Naomi Parker Fraley, Rosie the Riveter passes at 96
“The women of this country these days need some icons,” Mrs. Fraley said in the People magazine interview. “If they think I’m one, I’m happy.”- The New York Times
This is a photo I grew up seeing quite often. I’m astounded that it took me so long to see the headlines that the woman behind it had passed away last month. It made me wonder, “What is the actual background to the famous Rosie the Riveter photo?”
I had always felt that the poster was showing the strength of the women who worked during World War II. I just hadn’t thought about how the photo came to be. As a teenager, I absolutely loved how beautiful AND strong “Rosie” looked. When P!nk embodied Rosie for one of her videos in 2010, even for a few seconds, I believe it brought my attention to how strong the message behind one photo can be.
Many people have opposing views of the photo, along with the song featured in the music video found below. So, what is the story behind the photo and of the woman in it?
“We Can Do It!”
While the poster was produced by J. Howard Miller in 1943 to boost the morale of the women working, it wasn’t seen very often. Only 1800 copies were made and used in Westinghouse Electric factories. It was only later on in the 1980’s when it was rediscovered, that it was used to promote feminism and other political subjects.
“After its rediscovery, observers often assumed that the image was always used as a call to inspire women workers to join the war effort. However, during the war the image was strictly internal to Westinghouse, displayed only during February 1943, and was not for recruitment but to exhort already-hired women to work harder.” –We Can Do It!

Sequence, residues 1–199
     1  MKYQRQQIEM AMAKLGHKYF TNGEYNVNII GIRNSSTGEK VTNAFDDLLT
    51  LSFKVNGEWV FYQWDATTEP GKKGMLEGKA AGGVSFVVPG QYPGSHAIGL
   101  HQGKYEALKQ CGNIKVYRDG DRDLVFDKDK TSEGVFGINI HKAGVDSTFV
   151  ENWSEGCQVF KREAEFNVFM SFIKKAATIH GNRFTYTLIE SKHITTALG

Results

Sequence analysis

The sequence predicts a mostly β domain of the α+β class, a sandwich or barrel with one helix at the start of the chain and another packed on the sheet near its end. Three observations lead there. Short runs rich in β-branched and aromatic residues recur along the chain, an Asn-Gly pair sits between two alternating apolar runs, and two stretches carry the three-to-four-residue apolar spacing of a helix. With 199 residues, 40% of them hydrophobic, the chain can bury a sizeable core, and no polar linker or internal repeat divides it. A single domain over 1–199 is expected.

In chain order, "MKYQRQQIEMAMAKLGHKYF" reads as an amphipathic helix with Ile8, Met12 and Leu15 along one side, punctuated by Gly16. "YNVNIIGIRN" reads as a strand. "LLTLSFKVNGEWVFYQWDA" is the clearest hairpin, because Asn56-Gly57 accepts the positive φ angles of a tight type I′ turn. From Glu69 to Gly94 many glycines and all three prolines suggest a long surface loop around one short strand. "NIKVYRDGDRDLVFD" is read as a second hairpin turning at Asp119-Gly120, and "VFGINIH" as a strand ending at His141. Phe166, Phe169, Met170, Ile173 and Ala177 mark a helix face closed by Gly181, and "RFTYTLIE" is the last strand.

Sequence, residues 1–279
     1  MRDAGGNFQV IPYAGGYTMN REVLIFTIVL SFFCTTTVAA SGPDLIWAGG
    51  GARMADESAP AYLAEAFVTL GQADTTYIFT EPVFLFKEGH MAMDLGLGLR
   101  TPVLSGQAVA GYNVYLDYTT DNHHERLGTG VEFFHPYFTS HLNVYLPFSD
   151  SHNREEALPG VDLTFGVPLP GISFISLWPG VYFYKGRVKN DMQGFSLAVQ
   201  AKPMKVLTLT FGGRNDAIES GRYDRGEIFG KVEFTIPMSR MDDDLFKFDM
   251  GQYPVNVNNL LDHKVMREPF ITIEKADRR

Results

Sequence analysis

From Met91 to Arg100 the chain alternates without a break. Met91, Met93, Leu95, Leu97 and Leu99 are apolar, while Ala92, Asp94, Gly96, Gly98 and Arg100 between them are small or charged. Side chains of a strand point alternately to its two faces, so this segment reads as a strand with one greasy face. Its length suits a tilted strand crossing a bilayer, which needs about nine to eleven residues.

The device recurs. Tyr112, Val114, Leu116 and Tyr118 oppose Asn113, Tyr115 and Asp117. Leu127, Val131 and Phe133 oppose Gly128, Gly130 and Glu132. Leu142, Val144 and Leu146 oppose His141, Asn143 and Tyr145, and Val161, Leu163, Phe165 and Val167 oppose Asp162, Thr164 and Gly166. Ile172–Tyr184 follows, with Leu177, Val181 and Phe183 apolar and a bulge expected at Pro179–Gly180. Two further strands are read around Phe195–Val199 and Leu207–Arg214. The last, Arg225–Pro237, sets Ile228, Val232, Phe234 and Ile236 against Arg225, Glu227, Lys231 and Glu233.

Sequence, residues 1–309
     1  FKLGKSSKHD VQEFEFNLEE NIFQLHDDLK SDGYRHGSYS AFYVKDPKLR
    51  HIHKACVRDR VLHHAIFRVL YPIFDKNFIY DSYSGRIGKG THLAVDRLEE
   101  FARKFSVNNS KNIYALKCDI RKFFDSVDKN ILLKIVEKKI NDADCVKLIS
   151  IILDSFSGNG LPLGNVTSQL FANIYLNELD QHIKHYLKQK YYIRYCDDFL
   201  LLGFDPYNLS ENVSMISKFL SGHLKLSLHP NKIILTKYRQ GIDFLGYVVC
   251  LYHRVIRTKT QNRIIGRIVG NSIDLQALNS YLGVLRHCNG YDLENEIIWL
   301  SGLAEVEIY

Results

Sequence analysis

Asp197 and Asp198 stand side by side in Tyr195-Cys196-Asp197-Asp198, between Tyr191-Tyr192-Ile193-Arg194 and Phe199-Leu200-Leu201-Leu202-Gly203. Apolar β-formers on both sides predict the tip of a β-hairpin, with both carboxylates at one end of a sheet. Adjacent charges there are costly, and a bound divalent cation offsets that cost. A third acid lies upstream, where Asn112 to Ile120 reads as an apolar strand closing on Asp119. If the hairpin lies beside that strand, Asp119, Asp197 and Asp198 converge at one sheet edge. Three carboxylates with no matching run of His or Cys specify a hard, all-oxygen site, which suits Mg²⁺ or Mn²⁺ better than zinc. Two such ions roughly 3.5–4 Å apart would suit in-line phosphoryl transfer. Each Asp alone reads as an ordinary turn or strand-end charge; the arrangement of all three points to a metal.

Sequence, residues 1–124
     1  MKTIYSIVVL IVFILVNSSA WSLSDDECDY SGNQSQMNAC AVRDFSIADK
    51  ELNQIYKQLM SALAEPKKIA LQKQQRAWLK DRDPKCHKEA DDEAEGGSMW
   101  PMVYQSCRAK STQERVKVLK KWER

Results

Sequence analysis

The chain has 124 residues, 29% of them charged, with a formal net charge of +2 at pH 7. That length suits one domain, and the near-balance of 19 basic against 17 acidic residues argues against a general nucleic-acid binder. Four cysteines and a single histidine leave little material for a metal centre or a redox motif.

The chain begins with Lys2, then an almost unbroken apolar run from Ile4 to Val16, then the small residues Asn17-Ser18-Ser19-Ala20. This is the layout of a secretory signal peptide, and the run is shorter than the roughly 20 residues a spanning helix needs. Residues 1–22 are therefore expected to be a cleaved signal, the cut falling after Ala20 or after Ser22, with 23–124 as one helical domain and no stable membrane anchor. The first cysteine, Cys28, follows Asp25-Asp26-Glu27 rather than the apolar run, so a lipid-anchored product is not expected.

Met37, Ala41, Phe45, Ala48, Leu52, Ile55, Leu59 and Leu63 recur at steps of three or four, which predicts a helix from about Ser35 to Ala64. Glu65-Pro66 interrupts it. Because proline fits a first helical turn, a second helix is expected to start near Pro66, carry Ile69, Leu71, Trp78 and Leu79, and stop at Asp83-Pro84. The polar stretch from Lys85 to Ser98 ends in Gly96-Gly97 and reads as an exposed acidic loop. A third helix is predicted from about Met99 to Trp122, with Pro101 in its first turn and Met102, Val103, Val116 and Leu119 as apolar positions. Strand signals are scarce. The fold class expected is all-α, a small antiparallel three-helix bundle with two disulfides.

When the image was first produced, the famous term of “Rosie” had not come to be yet. This only happened later on, when one of my favourite artists, Norman Rockwell, used the image as inspiration behind a 1943 cover of The Saturday Evening Post.. Using a woman named Mary Keefe as his model, a woman is found sitting on a lunch box as she takes a break from working in a factory. On this lunch box, the name “Rosie” appears. Those who saw this cover then recognized this to be “Rosie the Riveter” from the familiar song.
The Woman in the Photo
In 1994, the image was used for the cover of Smithsonian magazine. It was at this time, that a woman named Geraldine Hoff Doyle saw the cover, and told everyone that it was a photo based on her. Innocently believing that she was in fact the woman who inspired the photo, she was honoured by several organizations.
It was only in 2015, that it was discovered that it was not a photo of Doyle, but rather of a woman named Naomi Parker (Fraley). Fraley had been a factory worker in 1942, which was before Doyle had even graduated high school. The photo was then used in the local press, on July 5, 1942.
Fraley had known in 2011 that there was an error in who the woman in the photo was. She had attended a reunion held at the Rosie the Riveter/World War II Home Front National Historical Park. It was there that she spotted the 1942 photo of her operating a machine with Doyle’s name credited. She wrote to the park to correct their mistake.
This is the photo that is now being said to have been the inspiration behind the Rosie the Riveter image.
The investigation of who the woman behind the image was, lead a Dr. Kimble to find Fraley. When he found her, she had in her possession the above photo, clipped from the newspaper from 1942. Naomi Parker Fraley passed away at the age of 96, on January 20, 2018.